Answering Your Most Asked Questions
Customer complaints of vehicle vibration and wobbling can usually be solved by balancing tire and wheel assemblies. A proper balance also improves tire wear, increases fuel economy and removes stress on the vehicle. During this crucial process, wheel weights are often the unsung heroes in creating a perfect balance.
When Would I Use a Clip-On vs. Adhesive Wheel Weight?
All wheels can accept an adhesive tape on weight, but not all wheels can accept a traditional clip-on weight. Many times, a customer will be sensitive to the appearance of wheel weights on the outboard plane. For these applications, an adhesive tape weight is the only option. For medium- and heavy-duty trucks, clip-on weights are the best option.
How Should the Material of the Wheel Affect My Wheel Weight Choice?
Both the material that the wheel is made of as well as the style of the wheel will determine what style of weight must be used. For example, most steel wheels will accept a clip-on weight, which is the preferred style of weight for this wheel, especially when the customer is not sensitive to aesthetics. Many modern alloy wheels do not have provisions for clip-on weights on the inboard plane, and even fewer have provisions on the outboard plane. Adhesive weights are increasingly becoming the only option to balance modern alloy wheels.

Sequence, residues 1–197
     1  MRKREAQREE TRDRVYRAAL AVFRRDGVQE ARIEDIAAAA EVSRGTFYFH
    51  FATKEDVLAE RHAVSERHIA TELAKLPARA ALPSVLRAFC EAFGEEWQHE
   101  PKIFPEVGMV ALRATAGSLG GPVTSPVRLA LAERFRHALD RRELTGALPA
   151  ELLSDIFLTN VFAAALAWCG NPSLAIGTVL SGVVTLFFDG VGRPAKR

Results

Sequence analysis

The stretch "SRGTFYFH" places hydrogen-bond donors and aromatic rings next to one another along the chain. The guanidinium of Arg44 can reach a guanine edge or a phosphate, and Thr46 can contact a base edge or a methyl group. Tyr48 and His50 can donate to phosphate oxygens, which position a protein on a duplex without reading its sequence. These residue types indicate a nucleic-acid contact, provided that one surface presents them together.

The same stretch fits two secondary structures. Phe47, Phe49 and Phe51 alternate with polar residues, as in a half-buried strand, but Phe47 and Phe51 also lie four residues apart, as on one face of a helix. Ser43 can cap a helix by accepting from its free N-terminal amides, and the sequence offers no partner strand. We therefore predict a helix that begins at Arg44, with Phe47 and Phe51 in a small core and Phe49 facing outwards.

What trends are you seeing from the OEM level that dictate the use of a certain wheel weight over another? It is clear that most modern wheels are requiring tape weights to include trucks. The market share of tape weights is of course increasing each year.
What Features on Today’s Wheel Balancers Allow for a More Accurate Placement of a Wheel Weight?
The most important feature for accurately placing wheel weights is a “stop and lock” feature. Look for this feature, as well as lasers, when purchasing your next wheel balancer. “Stop and lock” allows the balancer to lock the wheel in place, so that it cannot rotate by accident, causing the technician to misplace a weight. Lasers are critical because they give a visual reference for the technicians to place the weight, making it easy for them to place weight in the right place every time.
What Type of Wheels Create the Most Challenges for Wheel Weight Installation? What Can You Do to Prevent Wheel Weights From Falling Off?
Wheels that create the biggest challenge for installing weights could be wheels that have weight planes very close together, such as motorcycle wheels or very high offset custom wheels. It is recommended that planes be separated by 3 inches.
Proper surface preparation and using a high-quality wheel weight with effective adhesive are key to getting a wheel weight to stay in place. Best practices include using a solvent to clean the wheel where the weight will be placed to remove dirt, grime and brake dust, and then firmly placing the weight.